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heat, brass, bodies, expanded, bulk, solids and expansions

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EXPANSION, (from the Latin, expando) that degree of increment, which a body is susceptible of extending in one or more of its dimensions by heat. Bodies of every kind, as far as WO are acquainted with them, are expanded in bulk by heat, and are contracted by cold ; and to this law there are but few exceptions, which will be noticed in due time. The expansions, or the increments of bulk, are not exactly proportional to the increments of heat in the same body ; nor are dill'erent bodies expanded alike by the like elevation of temperature. Thus, it' a quantity of water be increased one inch in bulk by the COMMOrlication of ten degrees of heat, the communication of twice or thrice as much nacre heat will not cause it to expand two or three inches more. Also, if a rod of gold, and another similar roil of glass, be heated to the same degree, their increments of bulk, :wising thereby, will not be equal, the gold expanding more than the glass.

Of the three principal states or natural bodies, viz., solids, liquids, and elastic fluids, the solids are expanded least ; the liquids are expanded more than the solids • lint the elastic fluids are expanded a vast deal more than the knowledge of the precise quantities of these expansions of' bodies is of great use in philosophy, in mechanics, and in other scientific subjects; hence no pains have been spared by philosophers to investigate and ascertain them ; various instruments have been contrived for that purpose ; innumer able experiments have been instituted ; and a great many useful results have been obtained. Of these results we shall now endeavour to give a regular and distinct amount.

The instruments which have been contrived for the par pose of measuring the expansions of solids arising. an elevation of temperature, are called pgrometerg. The objects which must be had in view in the construction of pyrometers, are to form a steady flame, wherein solids of a certain length may lie applied either successively, or several of them at the same time; some contrivance by which those metallic bodies may be heated to any required degree; and a mechanism capable of measuring the increase of bulk which is caused by the heat; and this may be accomplished by of multiplying wheels, by levers, by screws, by a microscopical micrometer, or otherwise.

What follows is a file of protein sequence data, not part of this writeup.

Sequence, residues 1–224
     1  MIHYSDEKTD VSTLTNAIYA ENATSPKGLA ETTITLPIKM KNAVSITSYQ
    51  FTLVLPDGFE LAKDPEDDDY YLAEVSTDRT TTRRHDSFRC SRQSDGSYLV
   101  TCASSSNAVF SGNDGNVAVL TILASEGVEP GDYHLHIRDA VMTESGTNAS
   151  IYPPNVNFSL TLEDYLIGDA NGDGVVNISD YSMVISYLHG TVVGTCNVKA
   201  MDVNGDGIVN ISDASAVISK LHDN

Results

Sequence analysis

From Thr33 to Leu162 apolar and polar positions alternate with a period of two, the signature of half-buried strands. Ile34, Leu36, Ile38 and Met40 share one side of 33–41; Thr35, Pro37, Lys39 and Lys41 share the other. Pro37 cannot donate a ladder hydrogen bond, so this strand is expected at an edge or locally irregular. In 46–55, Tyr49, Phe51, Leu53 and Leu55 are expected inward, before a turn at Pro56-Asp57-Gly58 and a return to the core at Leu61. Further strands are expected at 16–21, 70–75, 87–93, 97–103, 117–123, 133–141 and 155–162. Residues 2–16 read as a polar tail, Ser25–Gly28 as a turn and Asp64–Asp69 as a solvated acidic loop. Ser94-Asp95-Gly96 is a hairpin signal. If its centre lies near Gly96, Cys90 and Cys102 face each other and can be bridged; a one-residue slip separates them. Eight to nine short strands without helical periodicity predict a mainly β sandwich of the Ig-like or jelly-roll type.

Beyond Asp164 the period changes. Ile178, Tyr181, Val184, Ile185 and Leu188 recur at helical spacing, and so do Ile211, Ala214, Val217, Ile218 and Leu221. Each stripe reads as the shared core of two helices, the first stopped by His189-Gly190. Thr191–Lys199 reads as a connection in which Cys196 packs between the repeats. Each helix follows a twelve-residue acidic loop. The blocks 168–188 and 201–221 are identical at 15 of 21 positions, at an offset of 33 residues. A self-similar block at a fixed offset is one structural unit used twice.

Some of the first detertninations of the expansion of bodies, that may be considered its being sufficiently accurate, were made by Mr. Ellicot, with a pyrometer of his contrivance. Mr. Ellicot determined the proportional expansions of seven metallic bodies by the same elevation of temperature. They are as follow : Gold. Silver. 13rags. Copper. Iron. Steel. Lead.

73. 103. 95. 111. 60. 50. 149.

Snleaton contrived a much better pyrometer, and with it he determined the expansions of several solids.

De Luc also contrived a pyrometer of a peculiar con struction; but Air. 1Zamsden's pyrometer is superior to any other contrivance or the kind.

The folloWing table shows. in parts of an inch, how much one foot's length ()fall:rent substances is expanded by 180° of heat, Fahrenheit's scale, between the freezing :11“1 the boiling points of water. To the first seven substances (which were examined in Mr. Bamsden's most accurate pyrometer) there are added the expansions a single degree of heat. The others were determined by Mr. Smeaton with his rometer.

Fahrenheit's Seale.

1''v n, 150° Standard brass scale, supposed to be Hamburg brass 0.0001237 . 0.0222016 English plate brass in 0 of a rod 0.00012u2. 0.0227130 English plate brass in form of a trough 0.0001263 . 0.0227380 Valirculici•,; Scale.

By 1° fly 180° Steel rid 0 0000703 . 0.013730S Cast-iron prism 0 0000740 . 0.01331211 Glass tube 0 . 0000517 . 0.00113138 Solid glass rod 0 0000539 . 0.00911941 White glass barometer tube 0.0100 Martial regnlus of antimony 0.0 I 30 Blistered steel 0.0138 llard steel 0,0147 Iron 0.0151 Ilismut h 0.0107 Copper hammered 0.0201 Copper eight parts, with tin one part . . 0.0218 Cast 0.0223 Brass sixteen parts, with tin one part . . 0.0229 Brass wire 0.033.2 Speculum metal 0.0232 Spelter solder, viz., of brass two parts, and of zinc one 0.0247 Fine pewter 0.0274 Grain tin 0.029k Soft solder, viz., lead two parts, tin one . . 0.0301 Zinc eight parts, with tin one, a little ham mered 0,0323 Lead 0.0314 Zinc or spelter 0.0353 Zinc hammered half an inch per lbot . . 0.0373 iron, instead of being condensed into a smaller bulk, expands in its transition from a fluid into a solid state; so that a quantity of iron occupies nacre room in the solid form than it does in a fused state.

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